The novel enfolding this gutter-brained idiom is more a series of fantastical erotic vignettes than anything else. Each chapter unfolds in a more or less traditional pornographic format, ending each time, more or less, with ” clong, clong, clong.” Yet what happens within that arc, although solidly within the pornographic tradition, is far, far beyond what most porn is capable of imagining. Baker’s use of language is so nimble and inventive that it translates the structure of the pornographic encounter – situation, build-up, climax – into literary fiction without discarding the book’s (ahem) utilitarian aspects. Because despite its outlandish (if strictly hetero) perversity, this exuberant, squishy novel, which captures the mechanism – and, lord knows, the effect – of porn, operates on the level of satire without lowering or entirely trivializing its subject:
“How much nakedness do you want? Be honest. So few people are able to tell the truth.”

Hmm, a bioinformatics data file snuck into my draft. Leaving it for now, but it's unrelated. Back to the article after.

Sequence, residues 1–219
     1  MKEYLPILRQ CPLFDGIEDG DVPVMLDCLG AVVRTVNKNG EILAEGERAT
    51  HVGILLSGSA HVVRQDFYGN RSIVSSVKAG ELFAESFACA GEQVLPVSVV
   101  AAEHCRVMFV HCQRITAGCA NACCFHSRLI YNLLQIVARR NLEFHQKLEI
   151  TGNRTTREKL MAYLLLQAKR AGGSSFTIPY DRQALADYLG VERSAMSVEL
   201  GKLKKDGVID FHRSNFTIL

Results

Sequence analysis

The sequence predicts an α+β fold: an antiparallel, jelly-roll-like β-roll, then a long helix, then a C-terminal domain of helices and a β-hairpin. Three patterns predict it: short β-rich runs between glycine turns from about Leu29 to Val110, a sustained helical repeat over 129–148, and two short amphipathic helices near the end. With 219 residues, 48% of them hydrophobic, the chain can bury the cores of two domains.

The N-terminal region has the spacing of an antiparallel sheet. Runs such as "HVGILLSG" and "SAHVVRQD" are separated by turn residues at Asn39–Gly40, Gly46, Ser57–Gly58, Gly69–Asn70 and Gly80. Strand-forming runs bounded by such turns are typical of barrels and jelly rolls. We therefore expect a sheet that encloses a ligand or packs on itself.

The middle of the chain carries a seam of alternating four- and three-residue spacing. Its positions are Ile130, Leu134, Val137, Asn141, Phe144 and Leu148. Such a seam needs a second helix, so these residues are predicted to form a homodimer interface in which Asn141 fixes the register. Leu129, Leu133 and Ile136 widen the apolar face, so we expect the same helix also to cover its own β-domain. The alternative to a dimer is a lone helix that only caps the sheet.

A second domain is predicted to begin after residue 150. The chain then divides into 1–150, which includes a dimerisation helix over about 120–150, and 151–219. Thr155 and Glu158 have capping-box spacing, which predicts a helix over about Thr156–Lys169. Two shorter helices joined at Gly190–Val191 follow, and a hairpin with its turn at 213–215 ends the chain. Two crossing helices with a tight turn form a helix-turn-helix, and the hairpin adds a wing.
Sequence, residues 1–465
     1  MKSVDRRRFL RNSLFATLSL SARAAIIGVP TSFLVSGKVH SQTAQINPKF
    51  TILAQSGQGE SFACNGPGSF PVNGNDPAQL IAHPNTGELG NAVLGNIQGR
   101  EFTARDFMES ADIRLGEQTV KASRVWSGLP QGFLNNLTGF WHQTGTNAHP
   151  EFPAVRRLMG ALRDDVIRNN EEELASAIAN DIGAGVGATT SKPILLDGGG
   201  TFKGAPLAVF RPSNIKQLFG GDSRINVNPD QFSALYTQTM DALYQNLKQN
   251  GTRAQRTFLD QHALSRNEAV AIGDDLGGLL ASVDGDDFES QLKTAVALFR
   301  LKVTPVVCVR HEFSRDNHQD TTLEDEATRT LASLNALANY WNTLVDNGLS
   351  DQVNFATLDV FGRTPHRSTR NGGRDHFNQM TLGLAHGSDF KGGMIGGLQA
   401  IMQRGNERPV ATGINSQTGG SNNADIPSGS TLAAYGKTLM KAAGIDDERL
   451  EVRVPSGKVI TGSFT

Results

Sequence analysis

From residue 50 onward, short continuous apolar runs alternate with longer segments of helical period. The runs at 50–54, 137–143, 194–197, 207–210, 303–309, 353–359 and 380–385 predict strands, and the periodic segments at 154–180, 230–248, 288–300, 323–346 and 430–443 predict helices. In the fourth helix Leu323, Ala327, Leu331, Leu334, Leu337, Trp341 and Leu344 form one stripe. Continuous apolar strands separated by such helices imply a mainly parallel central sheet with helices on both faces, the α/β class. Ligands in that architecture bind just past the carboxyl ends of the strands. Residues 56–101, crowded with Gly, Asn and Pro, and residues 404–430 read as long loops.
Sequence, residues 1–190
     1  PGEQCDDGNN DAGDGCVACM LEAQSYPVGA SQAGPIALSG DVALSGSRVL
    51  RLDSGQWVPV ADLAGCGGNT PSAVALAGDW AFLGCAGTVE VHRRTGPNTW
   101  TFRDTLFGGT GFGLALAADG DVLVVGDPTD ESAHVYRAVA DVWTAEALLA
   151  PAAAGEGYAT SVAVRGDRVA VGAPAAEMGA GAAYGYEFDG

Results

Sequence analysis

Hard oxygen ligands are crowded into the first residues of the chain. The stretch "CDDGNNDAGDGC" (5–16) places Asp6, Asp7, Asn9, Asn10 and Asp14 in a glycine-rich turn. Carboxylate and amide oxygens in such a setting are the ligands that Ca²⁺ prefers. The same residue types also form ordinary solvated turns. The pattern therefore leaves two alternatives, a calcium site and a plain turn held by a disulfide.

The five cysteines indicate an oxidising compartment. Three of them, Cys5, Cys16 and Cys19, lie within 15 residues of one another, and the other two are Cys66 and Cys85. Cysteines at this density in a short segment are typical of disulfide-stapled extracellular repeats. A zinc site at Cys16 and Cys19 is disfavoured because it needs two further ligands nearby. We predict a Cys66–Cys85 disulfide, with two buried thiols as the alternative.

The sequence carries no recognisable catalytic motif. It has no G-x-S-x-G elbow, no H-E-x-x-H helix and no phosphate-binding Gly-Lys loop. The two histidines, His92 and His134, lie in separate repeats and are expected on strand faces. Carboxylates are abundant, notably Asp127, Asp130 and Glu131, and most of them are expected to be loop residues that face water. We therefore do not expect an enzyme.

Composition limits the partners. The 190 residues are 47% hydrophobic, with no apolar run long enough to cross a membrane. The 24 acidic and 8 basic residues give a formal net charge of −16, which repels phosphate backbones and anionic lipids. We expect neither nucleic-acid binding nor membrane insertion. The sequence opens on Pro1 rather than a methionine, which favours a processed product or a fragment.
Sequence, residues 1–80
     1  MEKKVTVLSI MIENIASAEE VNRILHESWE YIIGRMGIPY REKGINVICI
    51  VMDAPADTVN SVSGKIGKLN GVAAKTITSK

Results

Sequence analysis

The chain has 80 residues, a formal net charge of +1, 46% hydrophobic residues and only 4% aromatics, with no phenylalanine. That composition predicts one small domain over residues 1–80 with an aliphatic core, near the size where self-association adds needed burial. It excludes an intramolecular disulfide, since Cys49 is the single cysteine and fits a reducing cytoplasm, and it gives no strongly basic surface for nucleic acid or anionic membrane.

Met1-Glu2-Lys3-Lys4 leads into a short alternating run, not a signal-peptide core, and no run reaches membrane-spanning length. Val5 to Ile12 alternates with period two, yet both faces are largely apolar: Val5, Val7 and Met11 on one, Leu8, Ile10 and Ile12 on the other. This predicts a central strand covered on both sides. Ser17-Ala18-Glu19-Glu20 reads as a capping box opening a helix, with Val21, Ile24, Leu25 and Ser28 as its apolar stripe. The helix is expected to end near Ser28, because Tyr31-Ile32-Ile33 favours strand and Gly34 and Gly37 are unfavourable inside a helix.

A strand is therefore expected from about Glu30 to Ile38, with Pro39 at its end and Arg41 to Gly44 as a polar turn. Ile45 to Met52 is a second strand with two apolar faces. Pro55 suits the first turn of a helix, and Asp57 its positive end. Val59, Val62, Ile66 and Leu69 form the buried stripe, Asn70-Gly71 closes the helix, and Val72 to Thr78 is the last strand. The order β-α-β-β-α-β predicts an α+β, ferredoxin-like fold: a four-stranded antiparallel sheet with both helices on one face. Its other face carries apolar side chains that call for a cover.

“Let’s see.” Pendle took a deep breath and then poofed it all out. “I think I need twenty-four horny nude women at the same time.”
“Twenty-four?” said Lila. “I don’t often tell people this, but you know that a man can really only handle one horny nude woman at a time. Maybe two. Even with two, it’s like that trick where you have to circle your head and pat your stomach. Do you want to reconsider? Think.”
Pendle closed his eyes and visualized his dream of desire. He didn’t need twenty-four horny women, he realized, only eight.
The omniscient narration is fanciful in an almost childlike way; the chapters bear matter-of-fact titles, like “Polly Visits the Hall of the Penises” and “Cardell Goes to the Laundromat,” that operate like a tease and a wink.